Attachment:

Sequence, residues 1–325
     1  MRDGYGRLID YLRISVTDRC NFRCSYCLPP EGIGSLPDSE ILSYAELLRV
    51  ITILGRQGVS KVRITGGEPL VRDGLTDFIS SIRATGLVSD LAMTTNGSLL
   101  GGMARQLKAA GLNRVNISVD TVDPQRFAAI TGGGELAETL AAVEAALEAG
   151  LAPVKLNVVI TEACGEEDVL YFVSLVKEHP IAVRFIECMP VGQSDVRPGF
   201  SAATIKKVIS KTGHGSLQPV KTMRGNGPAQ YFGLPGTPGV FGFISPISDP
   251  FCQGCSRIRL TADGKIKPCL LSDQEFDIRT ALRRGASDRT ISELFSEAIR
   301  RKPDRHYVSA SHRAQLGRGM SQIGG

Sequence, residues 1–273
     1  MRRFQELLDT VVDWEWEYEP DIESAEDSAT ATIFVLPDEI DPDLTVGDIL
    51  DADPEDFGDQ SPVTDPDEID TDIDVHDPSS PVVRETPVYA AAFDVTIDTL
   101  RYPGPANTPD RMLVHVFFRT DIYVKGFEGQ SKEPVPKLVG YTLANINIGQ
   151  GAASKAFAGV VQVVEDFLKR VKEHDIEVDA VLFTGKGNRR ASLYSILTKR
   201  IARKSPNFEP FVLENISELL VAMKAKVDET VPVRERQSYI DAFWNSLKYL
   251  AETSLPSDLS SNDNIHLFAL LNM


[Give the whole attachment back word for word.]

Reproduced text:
Sequence, residues 1–325
     1  MRDGYGRLID YLRISVTDRC NFRCSYCLPP EGIGSLPDSE ILSYAELLRV
    51  ITILGRQGVS KVRITGGEPL VRDGLTDFIS SIRATGLVSD LAMTTNGSLL
   101  GGMARQLKAA GLNRVNISVD TVDPQRFAAI TGGGELAETL AAVEAALEAG
   151  LAPVKLNVVI TEACGEEDVL YFVSLVKEHP IAVRFIECMP VGQSDVRPGF
   201  SAATIKKVIS KTGHGSLQPV KTMRGNGPAQ YFGLPGTPGV FGFISPISDP
   251  FCQGCSRIRL TADGKIKPCL LSDQEFDIRT ALRRGASDRT ISELFSEAIR
   301  RKPDRHYVSA SHRAQLGRGM SQIGG

Sequence, residues 1–273
     1  MRRFQELLDT VVDWEWEYEP DIESAEDSAT ATIFVLPDEI DPDLTVGDIL
    51  DADPEDFGDQ SPVTDPDEID TDIDVHDPSS PVVRETPVYA AAFDVTIDTL
   101  RYPGPANTPD RMLVHVFFRT DIYVKGFEGQ SKEPVPKLVG YTLANINIGQ
   151  GAASKAFAGV VQVVEDFLKR VKEHDIEVDA VLFTGKGNRR ASLYSILTKR
   201  IARKSPNFEP FVLENISELL VAMKAKVDET VPVRERQSYI DAFWNSLKYL
   251  AETSLPSDLS SNDNIHLFAL LNM